Dances With Wolves
As the first woman chamber executive in a male bastion
Susanne Sartelle has taken all the right steps to success
By Kevin Brafford
Thousands of people in
Jacksonville know Susanne Sartelle. That's not surprising -- as
president of the Jacksonville/Onslow Chamber of Commerce she
comes into contact with old and new faces every day. But only a
couple hundred knows that she loves to dance. And only a select
few know that she loves to tap dance. Yep, that's right. Susanne
D. Sartelle, a 37-year-old single mother of one and the 1993
North Carolina Chamber Executive of the Year, kicks up her heels,
well, by kicking up her heels.
About three years ago, I was in a class at a chamber
institute ó a life balance class, she says. I took
this test, and I scored below average on everything: health,
recreation, relationships, everything ó except that I was one
point below perfect on career.
Get a life, the results screamed. So she did. I was doing
so few fun things, she says. I play the piano a
little for me, but not in front of anybody. And I sing in my
church choir, which is very fulfilling. But I wanted to do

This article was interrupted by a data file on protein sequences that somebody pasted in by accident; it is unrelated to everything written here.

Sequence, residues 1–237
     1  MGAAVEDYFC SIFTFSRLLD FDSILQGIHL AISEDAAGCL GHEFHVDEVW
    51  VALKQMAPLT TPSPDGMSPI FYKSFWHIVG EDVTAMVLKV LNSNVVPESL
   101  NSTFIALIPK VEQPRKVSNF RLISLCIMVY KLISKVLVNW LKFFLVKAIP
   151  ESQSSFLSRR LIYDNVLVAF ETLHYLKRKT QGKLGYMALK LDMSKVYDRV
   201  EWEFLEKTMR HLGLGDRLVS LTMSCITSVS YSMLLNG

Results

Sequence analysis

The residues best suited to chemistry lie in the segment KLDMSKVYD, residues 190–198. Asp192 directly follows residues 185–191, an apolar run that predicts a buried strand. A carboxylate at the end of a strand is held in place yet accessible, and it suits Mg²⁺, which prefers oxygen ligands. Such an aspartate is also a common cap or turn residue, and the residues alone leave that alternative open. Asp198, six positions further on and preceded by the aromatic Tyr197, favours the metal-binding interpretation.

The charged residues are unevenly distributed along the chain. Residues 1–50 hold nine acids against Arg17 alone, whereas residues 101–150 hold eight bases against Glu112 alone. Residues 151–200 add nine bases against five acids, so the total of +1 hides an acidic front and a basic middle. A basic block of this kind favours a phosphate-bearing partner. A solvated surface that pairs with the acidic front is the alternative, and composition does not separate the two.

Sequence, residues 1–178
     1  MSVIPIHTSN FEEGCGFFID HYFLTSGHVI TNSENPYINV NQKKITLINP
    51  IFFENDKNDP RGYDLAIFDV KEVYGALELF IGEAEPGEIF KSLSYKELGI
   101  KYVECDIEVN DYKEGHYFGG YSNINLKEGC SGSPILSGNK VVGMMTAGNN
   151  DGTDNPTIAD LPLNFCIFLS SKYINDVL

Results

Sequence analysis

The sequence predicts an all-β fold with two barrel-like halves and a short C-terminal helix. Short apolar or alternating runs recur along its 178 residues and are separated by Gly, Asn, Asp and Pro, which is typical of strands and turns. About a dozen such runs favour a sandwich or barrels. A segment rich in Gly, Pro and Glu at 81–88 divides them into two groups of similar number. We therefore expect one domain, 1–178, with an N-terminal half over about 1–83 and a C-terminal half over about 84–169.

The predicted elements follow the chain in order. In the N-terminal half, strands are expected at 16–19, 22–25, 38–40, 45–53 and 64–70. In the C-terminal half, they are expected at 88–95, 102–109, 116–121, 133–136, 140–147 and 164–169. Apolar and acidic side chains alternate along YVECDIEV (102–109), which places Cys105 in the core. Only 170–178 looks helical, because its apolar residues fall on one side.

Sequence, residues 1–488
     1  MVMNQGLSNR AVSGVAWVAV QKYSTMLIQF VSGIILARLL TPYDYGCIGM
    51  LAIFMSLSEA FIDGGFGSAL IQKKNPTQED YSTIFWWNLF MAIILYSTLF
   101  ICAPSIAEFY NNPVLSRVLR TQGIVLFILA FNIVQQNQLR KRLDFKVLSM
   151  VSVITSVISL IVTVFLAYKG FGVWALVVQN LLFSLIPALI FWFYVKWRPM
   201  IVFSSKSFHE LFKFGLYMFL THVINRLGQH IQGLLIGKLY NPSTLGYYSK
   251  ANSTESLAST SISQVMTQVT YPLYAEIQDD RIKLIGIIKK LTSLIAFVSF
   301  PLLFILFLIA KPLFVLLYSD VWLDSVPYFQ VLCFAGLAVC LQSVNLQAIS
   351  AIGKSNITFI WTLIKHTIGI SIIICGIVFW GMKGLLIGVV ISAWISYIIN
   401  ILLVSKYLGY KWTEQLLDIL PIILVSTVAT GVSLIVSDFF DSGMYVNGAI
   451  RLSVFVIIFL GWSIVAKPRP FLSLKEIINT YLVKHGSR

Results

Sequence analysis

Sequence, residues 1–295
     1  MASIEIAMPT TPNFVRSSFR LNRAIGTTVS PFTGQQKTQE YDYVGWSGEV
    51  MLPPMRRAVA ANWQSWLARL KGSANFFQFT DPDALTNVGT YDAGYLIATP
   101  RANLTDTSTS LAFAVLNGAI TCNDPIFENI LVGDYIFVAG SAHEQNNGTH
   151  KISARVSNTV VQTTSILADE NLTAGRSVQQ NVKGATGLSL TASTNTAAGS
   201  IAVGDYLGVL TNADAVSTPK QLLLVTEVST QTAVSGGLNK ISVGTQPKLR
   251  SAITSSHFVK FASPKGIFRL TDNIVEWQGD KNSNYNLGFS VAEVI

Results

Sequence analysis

something else. I had been laughing and joking with some friends
of mine for a couple of years about taking tap dancing. When I
paid $54 for a pair of tap shoes, I knew I was committed.
She still is. Most Thursday nights at 6:30, you'll find Sartelle
at dance practice along with seven other members of this very
close-knit sorority. Some are in their early 30s; others are just
a few steps from 60.
I took tap for a couple of years as a child, she
says. This is just something that came into my brain, and I
couldn't let go of it.
Why would she? The hobby provides an outlet ó a wonderland to
drift off into that's free of phone calls, fax messages and
e-mails. When I'm there, I don't think about work, I don't
think about that stack of papers I brought home, I don't think
about opening my laptop, Sartelle says. It's like I'm
off in another world.
Add the stamp of approval from 10-year-old Hannah, who, Sartelle
says, thinks it's pretty cool that her mom takes
dance, and it makes for a heavenly, albeit sometimes
It was out of my comfort zone at first, because I like to
do things I'm good at, and I'm not the greatest tap dancer in the
world, Sartelle says. But that's OK, because it's
still fun. The only thing I'm concerned with when I'm there is
making these stupid feet do what they're supposed to do. And
that's a challenge.
That's a part she relishes, of course. You can't assume the
presidency of an urban chamber of commerce unless you like a good
challenge. Not if you're a woman. Not in 1991. Not in a community